As a Sonoma County Property Management company, DeDe’s Rentals has significant experience creating and implementing the California Residential Lease Agreement. We’d like to submit for your consideration a few basic contract clauses and details that can pose unexpected hazards, or alternately, that can simplify the ongoing landlord/tenant relationship.

  • Leased property address and location: Define the property address precisely and accurately. For example, if you mistakenly identify the rental unit as “123 Main Street,” when it’s actually “123 Main Court,” it could complicate an unlawful detainer process. Check your facts.
  • “Open book accounting:” This is a financial concept, wherein payments are applied to the oldest obligations first. For example, if a repair at the rental property is considered to be the tenant’s responsibility, you must notify the tenant (in writing) that the invoice is due. If, when rent next comes due, the tenant fails to pay the repair bill and ONLY pays the rent, you can legally apply funds received to the repair bill FIRST – because it is the older obligation. This will ultimately simplify your bookkeeping.
  • Late fees and grace periods: we encourage using a percentage of rent as a late fee, rather than a daily amount. (In a perfect world, we would never even have to collect late fees, because we actually prefer that tenants pay rent on time.) Be cautious about the percentage charged: excessive amounts could be considered “usury.” Our attorney recommends capping the late fee at 6% of unpaid rent. Also in regard to late payments: your contract should state that rent is due on the first of the month, and delinquent if not received on that date. Collect late payment obligations when they accrue, applying the open book financial method referenced above. Do not keep a separate ledger to track late fees and wait to deduct them from the security deposit at move-out; that strategy could backfire.
  • Identify the number and names of residents: In most areas of California, anyone 18 or older living on premises automatically has the full rights of tenancy; by identifying each adult as a named tenant, you also make them jointly responsible for the obligations of tenancy. (Please note: in certain locations, like San Francisco, we realize this is NOT a practical strategy.) In addition to naming all adults as tenants, we identify each underaged co-occupant by name, specifying that ONLY these tenants and co-occupants are permitted to reside at the premises. The contract should disallow assignment, subletting or alteration in occupants without the written permission of lessor. By taking these measures, you will minimize the likelihood of unauthorized, illegal subtenants taking up residence in your rental property.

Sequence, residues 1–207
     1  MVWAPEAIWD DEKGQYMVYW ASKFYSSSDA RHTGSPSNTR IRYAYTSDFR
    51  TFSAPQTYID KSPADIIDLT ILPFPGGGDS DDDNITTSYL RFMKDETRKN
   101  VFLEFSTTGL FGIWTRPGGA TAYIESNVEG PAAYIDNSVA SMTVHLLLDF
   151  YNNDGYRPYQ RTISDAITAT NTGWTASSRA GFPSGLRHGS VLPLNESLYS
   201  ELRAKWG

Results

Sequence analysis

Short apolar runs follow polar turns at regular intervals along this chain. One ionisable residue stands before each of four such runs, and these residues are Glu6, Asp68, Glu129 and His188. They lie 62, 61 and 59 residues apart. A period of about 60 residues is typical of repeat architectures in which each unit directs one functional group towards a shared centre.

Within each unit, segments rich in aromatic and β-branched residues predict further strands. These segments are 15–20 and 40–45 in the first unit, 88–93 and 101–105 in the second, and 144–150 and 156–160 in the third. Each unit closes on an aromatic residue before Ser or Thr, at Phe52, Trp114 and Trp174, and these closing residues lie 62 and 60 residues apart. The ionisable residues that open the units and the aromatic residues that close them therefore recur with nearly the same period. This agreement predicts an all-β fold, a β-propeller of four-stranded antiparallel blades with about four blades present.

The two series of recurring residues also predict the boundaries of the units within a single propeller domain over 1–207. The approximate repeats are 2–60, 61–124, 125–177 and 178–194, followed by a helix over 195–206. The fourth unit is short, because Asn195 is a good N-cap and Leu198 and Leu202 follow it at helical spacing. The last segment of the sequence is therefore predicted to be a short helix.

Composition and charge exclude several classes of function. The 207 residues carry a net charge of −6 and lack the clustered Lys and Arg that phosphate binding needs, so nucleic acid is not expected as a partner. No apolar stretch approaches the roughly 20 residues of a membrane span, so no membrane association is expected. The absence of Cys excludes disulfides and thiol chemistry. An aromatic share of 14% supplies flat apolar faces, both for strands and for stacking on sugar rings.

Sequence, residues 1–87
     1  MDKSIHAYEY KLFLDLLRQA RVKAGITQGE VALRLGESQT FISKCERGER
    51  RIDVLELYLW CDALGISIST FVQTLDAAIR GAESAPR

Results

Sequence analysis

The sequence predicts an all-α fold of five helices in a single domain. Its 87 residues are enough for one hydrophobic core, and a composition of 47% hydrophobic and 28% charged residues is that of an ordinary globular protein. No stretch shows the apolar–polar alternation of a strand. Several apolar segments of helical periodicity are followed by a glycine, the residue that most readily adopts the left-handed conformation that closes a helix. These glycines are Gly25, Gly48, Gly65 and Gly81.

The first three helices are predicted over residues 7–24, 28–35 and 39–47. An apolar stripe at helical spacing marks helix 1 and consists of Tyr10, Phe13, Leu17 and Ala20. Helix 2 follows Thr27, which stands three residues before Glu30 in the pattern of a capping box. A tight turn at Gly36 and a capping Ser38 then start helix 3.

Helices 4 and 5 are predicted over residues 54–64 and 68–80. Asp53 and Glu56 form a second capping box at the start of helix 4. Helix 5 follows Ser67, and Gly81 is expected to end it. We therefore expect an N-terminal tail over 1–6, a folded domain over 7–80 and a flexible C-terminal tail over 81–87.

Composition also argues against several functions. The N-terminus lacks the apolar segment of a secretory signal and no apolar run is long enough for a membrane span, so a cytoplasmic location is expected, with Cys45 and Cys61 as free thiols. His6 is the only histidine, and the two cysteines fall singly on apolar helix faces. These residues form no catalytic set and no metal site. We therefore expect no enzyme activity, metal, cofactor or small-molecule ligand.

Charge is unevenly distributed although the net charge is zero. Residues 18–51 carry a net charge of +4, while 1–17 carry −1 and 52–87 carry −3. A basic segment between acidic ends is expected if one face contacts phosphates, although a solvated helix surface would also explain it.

Between the contract itself and the various disclosures required, DeDe’s Rentals’ contracts now run in excess of eleven pages. There are MANY contract provisions included in our rental package, far too many to address in one article. As a landlord, one of the best ways to protect yourself and get your own landlord/tenant relationship off “on the right foot” is to work with a professional property manager. For contract creation and execution, we know how to do it the “write” way!  If you have any questions please feel free to contact us at DeDe’s Rentals. We will be happy to help you.